Ethics & Public Policy Center

Summary of a New Study: Winners and Losers From "Privatizing" Social Security

Published in Testimony provided to U.S. House of Representatives on March 3, 1999



Summary of A New Study on Winners and Losers from “Privatizing” Social Security

Testimony submitted to the Social Security Subcommittee of the Committee on Ways and Means U.S. House of Representatives

by John Mueller

Senior Vice President and Chief Economist, Lehrman Bell Mueller Cannon, Inc.

Washington, D.C.
March 3, 1999

Thank you, Mr. Chairman. I’d like to describe for you a new study on “Winners and Losers from ‘Privatizing’ Social Security” I’ve just completed. The report is sponsored by the National Committee to Preserve Social Security and Medicare. This is my fourth paper on Social Security reform sponsored by the National Committee.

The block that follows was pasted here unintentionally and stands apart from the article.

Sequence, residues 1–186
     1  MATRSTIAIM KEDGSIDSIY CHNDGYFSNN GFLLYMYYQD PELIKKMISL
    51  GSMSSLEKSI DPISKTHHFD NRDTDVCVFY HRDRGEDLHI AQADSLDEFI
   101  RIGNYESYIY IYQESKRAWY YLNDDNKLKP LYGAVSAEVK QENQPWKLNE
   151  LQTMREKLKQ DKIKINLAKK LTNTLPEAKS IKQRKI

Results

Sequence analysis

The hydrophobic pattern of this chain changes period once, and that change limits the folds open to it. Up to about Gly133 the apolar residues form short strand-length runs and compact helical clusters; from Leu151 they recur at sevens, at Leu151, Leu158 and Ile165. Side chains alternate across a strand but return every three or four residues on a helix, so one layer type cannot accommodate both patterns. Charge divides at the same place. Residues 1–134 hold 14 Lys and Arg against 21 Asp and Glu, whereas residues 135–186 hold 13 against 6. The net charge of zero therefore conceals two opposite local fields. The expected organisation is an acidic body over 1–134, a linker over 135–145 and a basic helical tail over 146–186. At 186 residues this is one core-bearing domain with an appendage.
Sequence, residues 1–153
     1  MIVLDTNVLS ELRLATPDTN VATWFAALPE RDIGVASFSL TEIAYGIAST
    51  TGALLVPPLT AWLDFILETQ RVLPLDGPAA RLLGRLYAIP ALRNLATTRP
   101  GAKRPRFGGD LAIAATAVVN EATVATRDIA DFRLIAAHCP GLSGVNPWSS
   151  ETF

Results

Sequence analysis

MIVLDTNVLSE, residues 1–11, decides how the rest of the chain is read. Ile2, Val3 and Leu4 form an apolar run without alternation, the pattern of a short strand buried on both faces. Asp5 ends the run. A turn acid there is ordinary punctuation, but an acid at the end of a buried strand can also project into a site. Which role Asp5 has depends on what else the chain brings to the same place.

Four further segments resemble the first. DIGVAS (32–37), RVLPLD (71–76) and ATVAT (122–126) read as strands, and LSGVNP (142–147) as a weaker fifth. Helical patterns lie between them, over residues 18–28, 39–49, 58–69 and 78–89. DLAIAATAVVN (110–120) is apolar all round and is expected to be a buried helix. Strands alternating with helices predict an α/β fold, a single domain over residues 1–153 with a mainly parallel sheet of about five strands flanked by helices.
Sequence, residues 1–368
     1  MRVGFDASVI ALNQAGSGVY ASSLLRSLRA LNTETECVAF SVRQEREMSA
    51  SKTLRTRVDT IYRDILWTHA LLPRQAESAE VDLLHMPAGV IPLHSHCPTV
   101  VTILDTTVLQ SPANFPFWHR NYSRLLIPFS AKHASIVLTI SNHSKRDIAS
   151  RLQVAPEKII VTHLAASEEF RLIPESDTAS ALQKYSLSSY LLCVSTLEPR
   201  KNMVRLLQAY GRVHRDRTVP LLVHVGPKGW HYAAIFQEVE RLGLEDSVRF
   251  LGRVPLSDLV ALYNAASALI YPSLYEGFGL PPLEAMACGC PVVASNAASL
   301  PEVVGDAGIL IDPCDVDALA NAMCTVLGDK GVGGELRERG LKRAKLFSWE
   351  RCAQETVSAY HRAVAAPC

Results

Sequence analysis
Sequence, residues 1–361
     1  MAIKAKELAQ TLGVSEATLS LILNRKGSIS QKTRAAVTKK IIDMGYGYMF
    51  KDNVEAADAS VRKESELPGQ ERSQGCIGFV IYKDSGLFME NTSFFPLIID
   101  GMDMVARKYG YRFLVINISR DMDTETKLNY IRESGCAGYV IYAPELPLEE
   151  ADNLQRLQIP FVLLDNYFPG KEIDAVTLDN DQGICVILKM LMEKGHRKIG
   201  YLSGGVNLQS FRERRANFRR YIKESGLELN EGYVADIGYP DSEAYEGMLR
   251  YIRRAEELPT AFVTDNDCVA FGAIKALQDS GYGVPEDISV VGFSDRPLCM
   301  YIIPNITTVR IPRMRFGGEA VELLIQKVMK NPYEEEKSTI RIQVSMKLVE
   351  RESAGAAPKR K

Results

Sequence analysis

For the past decade I’ve been a principal of a financial-markets forecasting firm. I first became involved in the issue of Social Security reform in the 1980s, when I served as Economic Counsel to the House Republican Caucus under Jack Kemp. Like many Reagan Republican conservatives, I began with the conviction that pay-as-you-go Social Security ought to be “privatized.” But analyzing the facts and sifting the arguments turned me around. I was surprised to discover that Social Security is one of those cases, like national defense, in which the government is necessary to perform a role that the private markets alone cannot — in this case, providing the “foundation layer” of retirement security. Social Security was never intended to grow so large as to “crowd out” investment in the private capital markets, or the even more important investment in raising and educating future citizens. But the current study clearly illustrates why moving in the opposite direction — “privatizing” Social Security — would be a big mistake.